Two conflicts are mingled into one.

While a recent suit was filed at Constitutional Court to claim that the executive and the judiciary were ‘in conflict’ over the recent bill, the long, deep conflict is actually between sovereignty of the Parliament over legislation and the Brussels sponsored anticorruption bills that DNA uses to indict politicians. The Romanian judiciary, no. 66 in rank in Independence of the Judiciary according to World Economic Forum Global Competitiveness Report, is in the same time no. 112 when trust in politicians is concerned. The embattled judiciary supported by the European Union is fighting its own battle for influence against frequently corrupt elected officials, who try to defend themselves by restricting its powers.

But a political conflict exists as well, between those who lost elections, and those who won. President Iohannis openly supported Dacian Ciolos in the campaign and vowed not to invite SDP to govern even if they win. He rejected their first nomination for PM and indeed did not invite any opposition politician on December 1st for Romania’s National Day. He was severely disappointed by elections’ results and has tried to mobilize public opinion against SDP ever since. His popularity ratings have fallen to 20% by end 2016, so he is the main to profit from current mobilization and the return of corruption as main topic on the agenda.

Question 6. Actually, how corrupt is Romania and is this changing?

Romania’s standing has long been as the most corrupt country in the European Union, but it has improved a little over Bulgaria in perception rankings.

Romania has evolved a little in the fact based integrity index produced by ERCAS, due to cutting red tape and improving judicial independence, but still trails behind on media freedom and poor regulation. Corruption in areas as education and health are signs of widespread policy failure, with the lowest investment in Europe. Prosecutors have dealt mostly with infrastructure corruption, where most of the money is, but jailing entrepreneurs and their public counterparts has not managed so far to change an established generalized practice of kickbacks and poor delivery standards . On the positive side, some obvious corruption forms, such as single bidding in public procurement, are decreasing, and the part two governments (Ponta and Ciolos) have made some minor steps to cut red tape and boost e-government. Romanian progressed slightly in the new index for public integrity since 2012, though its progress was surpassed with countries such as Latvia or Lithuania from the region. It has now managed not to be on EU’s last position switching places with Bulgaria.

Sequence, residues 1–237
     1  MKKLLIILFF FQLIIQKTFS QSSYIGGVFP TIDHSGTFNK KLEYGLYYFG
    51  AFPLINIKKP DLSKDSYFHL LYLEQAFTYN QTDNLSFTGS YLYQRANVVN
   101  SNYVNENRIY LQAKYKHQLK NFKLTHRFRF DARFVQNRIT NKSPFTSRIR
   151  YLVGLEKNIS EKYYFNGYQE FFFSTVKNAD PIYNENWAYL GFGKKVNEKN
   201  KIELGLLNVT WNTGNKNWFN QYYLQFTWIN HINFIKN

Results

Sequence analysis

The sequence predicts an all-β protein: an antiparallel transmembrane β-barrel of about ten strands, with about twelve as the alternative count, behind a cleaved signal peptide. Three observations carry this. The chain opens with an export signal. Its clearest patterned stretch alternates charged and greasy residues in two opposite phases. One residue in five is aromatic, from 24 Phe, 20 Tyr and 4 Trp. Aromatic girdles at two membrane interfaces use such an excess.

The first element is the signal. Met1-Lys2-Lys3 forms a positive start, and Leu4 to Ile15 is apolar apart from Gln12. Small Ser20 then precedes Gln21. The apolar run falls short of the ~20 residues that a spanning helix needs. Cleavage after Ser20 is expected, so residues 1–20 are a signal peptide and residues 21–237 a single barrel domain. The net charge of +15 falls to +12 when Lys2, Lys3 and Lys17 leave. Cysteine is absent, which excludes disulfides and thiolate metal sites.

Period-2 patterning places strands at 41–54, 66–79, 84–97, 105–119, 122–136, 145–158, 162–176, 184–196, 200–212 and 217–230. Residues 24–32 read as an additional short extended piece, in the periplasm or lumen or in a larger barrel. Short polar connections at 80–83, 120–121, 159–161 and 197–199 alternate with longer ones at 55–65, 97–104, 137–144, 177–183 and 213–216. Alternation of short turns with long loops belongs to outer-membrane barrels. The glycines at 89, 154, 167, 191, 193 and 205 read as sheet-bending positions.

Table 1. Romania in index of public integrity (scores 7.27, 31/ 105 country Rank Source: www.integrity-index.org

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Question 6. What is going to happen next and will the conflict end if the ordinance is cancelled?

The government issued Ordinance 14 cancelling Ordinance 13 after 200 000 people gathered in protest on February 5.

The Judicial Council (CSM, in Romanian), as well as the Presidency, notified the Constitutional Court on 1 and 2 February respectively that there was a constitutional conflict between the relevant institutions (government, parliament and CSM) with regards to the procedure chosen by the government to pass the controversial ordinance. On 8 February, the Constitutional Court ruled the following: “A constitutional conflict did not exist between the Executive Power (Government) and the Legislative (Parliament), because the Government decision to adopt the Government ordinance bills regarding the modification of the Penal Code and the Penal Procedural Code cannot be qualified as an act of arrogation of legislative powers that otherwise belongs to the Parliament. By adopting the Government ordinance bills, the Government acted in accordance with its own competences, as expressly provided in Art. 117 of the Constitution. … A constitutional conflict did not exist between the Executive Power and the Supreme Council of the Magistracy (CSM), because the Government does not have legal obligation to request approval from the CSM for such ordinances.”